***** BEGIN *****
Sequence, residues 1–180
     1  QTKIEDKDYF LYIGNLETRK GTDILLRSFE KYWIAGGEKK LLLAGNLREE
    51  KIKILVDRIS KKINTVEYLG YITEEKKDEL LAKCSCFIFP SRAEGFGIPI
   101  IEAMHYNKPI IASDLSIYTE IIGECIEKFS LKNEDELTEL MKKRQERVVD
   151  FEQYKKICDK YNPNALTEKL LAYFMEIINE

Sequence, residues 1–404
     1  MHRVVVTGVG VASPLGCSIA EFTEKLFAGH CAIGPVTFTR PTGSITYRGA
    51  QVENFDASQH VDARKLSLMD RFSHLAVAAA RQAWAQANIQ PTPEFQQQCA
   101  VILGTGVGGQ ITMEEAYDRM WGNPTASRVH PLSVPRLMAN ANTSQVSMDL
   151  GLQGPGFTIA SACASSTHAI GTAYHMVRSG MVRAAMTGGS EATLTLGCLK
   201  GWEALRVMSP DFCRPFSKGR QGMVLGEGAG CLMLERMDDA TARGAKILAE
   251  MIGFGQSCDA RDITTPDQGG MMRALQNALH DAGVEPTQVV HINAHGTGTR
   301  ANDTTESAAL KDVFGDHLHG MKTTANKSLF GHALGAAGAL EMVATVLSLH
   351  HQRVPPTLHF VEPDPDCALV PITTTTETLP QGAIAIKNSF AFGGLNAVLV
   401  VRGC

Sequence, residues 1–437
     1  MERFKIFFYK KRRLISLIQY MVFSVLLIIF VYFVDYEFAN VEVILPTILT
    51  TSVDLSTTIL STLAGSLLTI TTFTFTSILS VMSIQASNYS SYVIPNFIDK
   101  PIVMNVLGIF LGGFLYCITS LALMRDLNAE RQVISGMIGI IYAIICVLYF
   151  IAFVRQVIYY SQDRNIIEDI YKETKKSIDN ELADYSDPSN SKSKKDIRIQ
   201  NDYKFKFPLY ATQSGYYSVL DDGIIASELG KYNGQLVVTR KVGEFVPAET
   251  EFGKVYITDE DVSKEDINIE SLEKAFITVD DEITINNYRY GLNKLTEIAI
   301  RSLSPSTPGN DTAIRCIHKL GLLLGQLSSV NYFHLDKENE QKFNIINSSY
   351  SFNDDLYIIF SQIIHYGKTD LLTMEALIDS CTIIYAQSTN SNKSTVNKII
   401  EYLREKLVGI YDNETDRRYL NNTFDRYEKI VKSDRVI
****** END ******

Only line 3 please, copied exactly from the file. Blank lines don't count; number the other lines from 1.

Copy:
    51  KIKILVDRIS KKINTVEYLG YITEEKKDEL LAKCSCFIFP SRAEGFGIPI